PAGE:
Washington: Update: US President Donald Trump lashed out Wednesday at Democrats for opening impeachment proceedings against him, calling the probe into his efforts to get Ukraine to investigate rival Joe Biden a "manufactured crisis."
Trump spoke out following a meeting with Japan's Prime Minister Shinzo Abe in New York - and shortly after the White House's release of a rough transcript of his July 25 phone call with Ukrainian President Volodymir Zelensky.
Referring to House Speaker Nancy Pelosi, who opened the impeachment inquiry on Tuesday, Trump said, "She is wasting her time on a manufactured crisis."
"All they are talking about is nonsense," he added.
President Donald Trump told his Ukrainian counterpart to work with the US attorney general to investigate the conduct of Democratic presidential candidate Joe Biden and offered to meet with the foreign leader at the White House after he promised to conduct such an inquiry, according to a newly-released transcript of the call.
Those statements and others in a July 25 phone call between Trump and Ukrainian President Volodymyr Zelensky were so concerning that the intelligence community inspector general thought them a possible violation of campaign finance law. In late August, intelligence officials referred the matter to the Justice Department as a possible crime, but prosecutors concluded last week that the conduct was not criminal, according to senior Justice Department officials.
The administration's disclosures underscore how the president's phone call has consumed the federal government in recent days, and how the White House is now scrambling to defuse the situation by offering more details of what the president said.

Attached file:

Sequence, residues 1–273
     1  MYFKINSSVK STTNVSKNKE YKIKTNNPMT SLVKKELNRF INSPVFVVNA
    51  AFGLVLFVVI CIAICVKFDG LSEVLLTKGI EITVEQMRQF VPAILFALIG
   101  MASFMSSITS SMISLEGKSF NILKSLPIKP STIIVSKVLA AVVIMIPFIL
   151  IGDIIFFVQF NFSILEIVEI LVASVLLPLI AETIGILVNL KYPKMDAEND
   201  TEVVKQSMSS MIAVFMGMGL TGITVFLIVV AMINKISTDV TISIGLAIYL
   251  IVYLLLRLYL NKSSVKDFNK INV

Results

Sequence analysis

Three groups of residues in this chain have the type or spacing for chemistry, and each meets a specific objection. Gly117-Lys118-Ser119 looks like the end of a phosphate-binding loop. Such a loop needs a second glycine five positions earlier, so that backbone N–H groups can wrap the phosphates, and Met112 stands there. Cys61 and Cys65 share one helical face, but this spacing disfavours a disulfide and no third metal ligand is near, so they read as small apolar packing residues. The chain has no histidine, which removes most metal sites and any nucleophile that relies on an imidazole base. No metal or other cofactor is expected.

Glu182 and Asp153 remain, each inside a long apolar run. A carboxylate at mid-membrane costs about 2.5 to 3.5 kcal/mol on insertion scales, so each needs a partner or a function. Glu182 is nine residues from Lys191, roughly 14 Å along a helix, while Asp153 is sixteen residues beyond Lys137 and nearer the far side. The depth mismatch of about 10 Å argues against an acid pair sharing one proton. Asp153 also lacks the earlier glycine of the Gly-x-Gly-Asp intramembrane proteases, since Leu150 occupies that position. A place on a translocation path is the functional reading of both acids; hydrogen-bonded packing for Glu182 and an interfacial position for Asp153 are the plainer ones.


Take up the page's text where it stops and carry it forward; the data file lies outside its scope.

White House officials said the transcript does not show the president seeking an investigation of Biden's son in exchange for providing aid to Ukraine. When the president reminds Zelensky of how the US helps Ukraine, Zelensky responds that he appreciates the tough sanctions the US has imposed on Russia.
On Wednesday, the administration released a White House transcript of the call and detailed behind-the-scenes discussions about how to handle the accusations. As public reports emerged about the call and pressure mounted to impeach the president, prosecutors quietly considered whether they should again investigate whether the president committed a crime. They declined to do so.
The call begins with Trump congratulating Zelensky on his election victory, but quickly devolves into the president pressing for an investigation of his political rivals and endorsing an apparent conspiracy theory. He seems to suggest Hillary Clinton's private email server is in Ukraine and asserts that Special Counsel Robert Mueller's investigation started with that country.
"I would like to have the Attorney General call you or your people and I would like you to get to the bottom of it," Trump says, according to the transcript.
He adds later: "There's a lot of talk about Biden's son, that Biden stopped the prosecution and a lot of people want to find out about that so whatever you can do with the Attorney General would be great. Biden went around bragging that he stopped the prosecution so if you can look into it. . . . It sounds horrible to me."
Zelensky replied that "my candidate" for the prosecutor job "will look into the situation, specifically to the company that you mentioned in this issue."